If you would have told 8-year-old me that there is a way to pay for my dream, of being a Red Raider, I might have thought you were crazy. I always had a dream to go to Texas Tech at a very young age, and that probably terrified my mother, because she knew I wasn't going to give up on it. Financially, I had no idea how we'd ever be able to afford it, but I always told my mom, "God and I have this." I started early and knew every AP class, every community service project, every extra curricular activity, and every job would bring me closer to another scholarship. The prayers to God also brought me a giant blessing.
To say that the Terry Foundation is an answer to my prayers would be an understatement. It's beyond what I asked God for. The Terry Letter made my dreams a reality, and I'll never forget the day it changed my life.
by Kaleigh Jackson
I had become friends with a few people who had interviewed with me, so we often texted back and forth about how nervous we were to click the pdf file that would be attached to our emails shortly. One day as I was sitting in Pre-Calculus taking notes on trig (ouch, trig was NOT my favorite), I felt my phone vibrate and went to check it. "Did you get it??" was all the text read and immediately my heart began to race. I pulled out my computer and checked the email I had given the foundation--nothing. I checked my regularly used email address for college things--nothing. I even checked my high school email and the email I used for junk coupon mail and still turned up with nothing!
Something had to be wrong. Did they forget me? I was quite sure that they had forgotten to send me my email, and I was on edge. About an hour later I was placed into a group text message with four other of the students I interviewed with and they ALL had gotten their emails--except none of them received the scholarship. All I could do was hope that there was some correlation to be had in the fact that I had not yet seen an email pop up in my inbox (but you can bet I checked every five minutes that night while I neglected my homework and routine sleeping schedule).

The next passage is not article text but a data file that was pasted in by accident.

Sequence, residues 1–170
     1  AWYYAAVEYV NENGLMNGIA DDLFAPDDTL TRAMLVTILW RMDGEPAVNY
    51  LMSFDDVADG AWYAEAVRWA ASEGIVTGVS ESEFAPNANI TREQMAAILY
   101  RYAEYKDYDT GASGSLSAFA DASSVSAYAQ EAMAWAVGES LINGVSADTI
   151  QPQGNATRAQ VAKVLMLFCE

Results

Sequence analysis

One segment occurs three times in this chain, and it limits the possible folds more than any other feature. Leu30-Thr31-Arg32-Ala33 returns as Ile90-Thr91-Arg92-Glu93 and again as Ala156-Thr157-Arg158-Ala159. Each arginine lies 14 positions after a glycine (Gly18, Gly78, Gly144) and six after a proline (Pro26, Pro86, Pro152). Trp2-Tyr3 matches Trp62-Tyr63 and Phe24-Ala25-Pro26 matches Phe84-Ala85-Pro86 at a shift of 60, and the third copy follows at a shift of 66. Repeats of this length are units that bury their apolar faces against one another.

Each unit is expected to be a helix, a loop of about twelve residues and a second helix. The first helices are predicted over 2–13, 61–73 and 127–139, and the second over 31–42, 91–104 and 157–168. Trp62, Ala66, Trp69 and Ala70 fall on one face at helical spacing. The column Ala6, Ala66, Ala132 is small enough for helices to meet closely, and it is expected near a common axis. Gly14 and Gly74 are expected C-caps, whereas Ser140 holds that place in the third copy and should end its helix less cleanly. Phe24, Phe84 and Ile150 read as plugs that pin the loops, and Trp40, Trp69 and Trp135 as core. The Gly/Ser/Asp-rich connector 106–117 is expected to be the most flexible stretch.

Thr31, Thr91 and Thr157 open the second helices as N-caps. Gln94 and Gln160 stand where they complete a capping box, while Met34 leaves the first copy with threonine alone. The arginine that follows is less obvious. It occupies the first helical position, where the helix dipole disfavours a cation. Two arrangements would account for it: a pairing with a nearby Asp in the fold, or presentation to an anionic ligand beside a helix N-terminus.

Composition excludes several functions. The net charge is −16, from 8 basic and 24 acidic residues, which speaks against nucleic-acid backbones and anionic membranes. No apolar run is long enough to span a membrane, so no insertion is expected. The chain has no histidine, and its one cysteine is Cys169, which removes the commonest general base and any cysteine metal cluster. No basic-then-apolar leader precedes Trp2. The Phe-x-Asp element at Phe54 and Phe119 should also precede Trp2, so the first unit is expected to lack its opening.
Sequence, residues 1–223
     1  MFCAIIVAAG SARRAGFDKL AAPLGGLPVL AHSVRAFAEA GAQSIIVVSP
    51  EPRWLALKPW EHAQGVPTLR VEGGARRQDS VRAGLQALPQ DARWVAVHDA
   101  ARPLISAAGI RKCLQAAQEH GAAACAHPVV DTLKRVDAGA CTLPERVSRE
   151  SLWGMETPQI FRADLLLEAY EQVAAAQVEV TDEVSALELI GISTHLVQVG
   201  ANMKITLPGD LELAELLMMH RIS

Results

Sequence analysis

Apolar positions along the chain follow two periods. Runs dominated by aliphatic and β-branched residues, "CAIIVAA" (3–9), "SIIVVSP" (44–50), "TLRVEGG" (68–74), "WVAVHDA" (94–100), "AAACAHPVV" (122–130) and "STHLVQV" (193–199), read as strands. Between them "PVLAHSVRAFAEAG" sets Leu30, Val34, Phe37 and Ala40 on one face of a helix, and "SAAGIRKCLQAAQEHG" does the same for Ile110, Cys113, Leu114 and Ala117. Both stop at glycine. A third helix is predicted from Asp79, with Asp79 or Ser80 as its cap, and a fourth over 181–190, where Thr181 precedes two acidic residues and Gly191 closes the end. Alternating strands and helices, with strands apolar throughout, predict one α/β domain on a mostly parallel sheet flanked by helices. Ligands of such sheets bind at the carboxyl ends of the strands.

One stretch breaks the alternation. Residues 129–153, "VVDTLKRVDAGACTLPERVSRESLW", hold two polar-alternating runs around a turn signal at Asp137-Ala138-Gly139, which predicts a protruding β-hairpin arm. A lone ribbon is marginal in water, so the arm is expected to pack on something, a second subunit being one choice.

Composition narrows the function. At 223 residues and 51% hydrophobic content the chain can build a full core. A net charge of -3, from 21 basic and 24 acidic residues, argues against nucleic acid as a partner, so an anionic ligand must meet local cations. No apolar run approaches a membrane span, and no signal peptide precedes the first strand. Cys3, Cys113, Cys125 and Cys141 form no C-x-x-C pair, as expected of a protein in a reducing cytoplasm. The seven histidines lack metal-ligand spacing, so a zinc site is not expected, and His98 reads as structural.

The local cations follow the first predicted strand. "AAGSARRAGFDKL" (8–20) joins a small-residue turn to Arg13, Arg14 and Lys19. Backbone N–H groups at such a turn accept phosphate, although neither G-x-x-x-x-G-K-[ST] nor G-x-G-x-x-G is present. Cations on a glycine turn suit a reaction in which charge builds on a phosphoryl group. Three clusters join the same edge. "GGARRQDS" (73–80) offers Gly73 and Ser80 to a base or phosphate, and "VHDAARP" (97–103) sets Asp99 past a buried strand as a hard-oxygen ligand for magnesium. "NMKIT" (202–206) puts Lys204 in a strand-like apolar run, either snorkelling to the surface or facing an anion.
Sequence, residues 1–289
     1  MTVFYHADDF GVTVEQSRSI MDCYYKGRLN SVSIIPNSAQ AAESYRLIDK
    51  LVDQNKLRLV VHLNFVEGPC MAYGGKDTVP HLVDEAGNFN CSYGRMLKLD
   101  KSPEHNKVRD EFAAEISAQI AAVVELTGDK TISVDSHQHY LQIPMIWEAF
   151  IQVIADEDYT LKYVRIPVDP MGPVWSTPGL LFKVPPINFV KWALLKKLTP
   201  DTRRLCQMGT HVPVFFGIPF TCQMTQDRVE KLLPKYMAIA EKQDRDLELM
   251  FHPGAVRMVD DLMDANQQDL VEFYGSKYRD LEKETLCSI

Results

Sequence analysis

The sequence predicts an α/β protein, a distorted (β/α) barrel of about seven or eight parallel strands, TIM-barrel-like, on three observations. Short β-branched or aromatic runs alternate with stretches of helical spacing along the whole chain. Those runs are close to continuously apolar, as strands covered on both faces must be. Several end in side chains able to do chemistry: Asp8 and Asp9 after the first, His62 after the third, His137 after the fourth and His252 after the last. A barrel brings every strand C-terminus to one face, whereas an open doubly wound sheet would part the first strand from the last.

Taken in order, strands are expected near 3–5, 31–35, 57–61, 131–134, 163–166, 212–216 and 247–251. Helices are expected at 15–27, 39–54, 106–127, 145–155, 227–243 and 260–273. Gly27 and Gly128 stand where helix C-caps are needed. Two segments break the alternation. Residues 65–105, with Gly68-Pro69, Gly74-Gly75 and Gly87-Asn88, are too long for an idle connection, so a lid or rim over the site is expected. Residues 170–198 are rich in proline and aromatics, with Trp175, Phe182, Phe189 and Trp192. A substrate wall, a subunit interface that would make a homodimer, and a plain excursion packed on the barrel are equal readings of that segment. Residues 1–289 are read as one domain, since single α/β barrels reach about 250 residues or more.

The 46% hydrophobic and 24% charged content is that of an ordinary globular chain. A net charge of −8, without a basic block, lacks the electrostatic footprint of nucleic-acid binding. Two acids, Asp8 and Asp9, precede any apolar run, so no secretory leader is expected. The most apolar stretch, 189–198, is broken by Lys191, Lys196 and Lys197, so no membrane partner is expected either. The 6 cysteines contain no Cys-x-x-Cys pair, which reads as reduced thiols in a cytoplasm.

The next morning, anxious and sleep-deprived, I went to pick up a younger student I drove to school everyday. On the way, I talked to her about how stressed out I was to get my email and that my life could potentially be changed forever via one line on a pdf document found in an email.
"Your whole life is changed Kaleigh, this is such a blessing," he managed choke out between tears, "I am so proud if you!"
Upon arrival to school, I grabbed my laptop and immediately connected to the wifi. I began to check my email as I walked to the band hall to grab my instrument for rehearsal. *ding!* There was an email sitting in my inbox from the Terry Foundation waiting patiently to be opened. My hands started to shake and my whole body went cold. EN, the girl I drove to school noticed my change in behavior and asked "Did you get it??" To which I replied that I hadn't even opened it yet; I was too nervous. When we got into the band hall, amidst the swarm of kids running around putting their instruments together and yelling to their friends that they had forgotten to finish their geometry homework, time slowed down for me as I clicked the pdf document in the email. The only word I needed to see was "Congratulations!" before I was on my face praying to God and thanking Him for such a blessing. I started crying and before I knew it the entire band knew that I was a Terry Scholar! My band director made his way over to me to let me know how proud of me he was, and that he knew I would get the scholarship. I called my mom and told her and she just began to cry. She's a teacher and so in that instant her entire class knew the good news that had been received that morning. I called my dad and he had no words--only tears of joy and thankfulness to God. "Your whole life is changed Kaleigh, this is such a blessing," he managed choke out between tears, "I am so proud if you!"
The morning that I received my Terry Letter will be a day I will never forget and will never stop being thankful for.
by Gabriela Garcia
I was at home trying to video tape my final presentation for my British Literature class, when my phone buzzed, signaling the arrival of an email. However, it had been the third time trying to get the presentation 'just right' and under three minutes, but I was completely frustrated with myself because I continued to fumble my words and I kept going over three minutes. I decided 'you know what, let me just check my email.' I saw that the email title read "The Terry Foundation" and I froze. After a couple seconds, I simultaneously clicked the email and I closed my eyes, because I wanted to know, but I was scared. When I finally opened my eyes the email read "Please see the attached results..." and I felt my nerves plummet and then heighten again. As a result, I did the same thing, I clicked the attachment and I closed my eyes. When I opened them, I read the first line and I could not believe it. I remember re reading the first line over and over until I made my self believe it. Then I composed myself just enough to run to my mom's room where I yelled, "me dieron la beca!" (I received the scholarship). Then my mom and I screamed with excitement as tears overflowed from both our eyes. It was truly a life changing moment, and I cannot wait to see what comes next!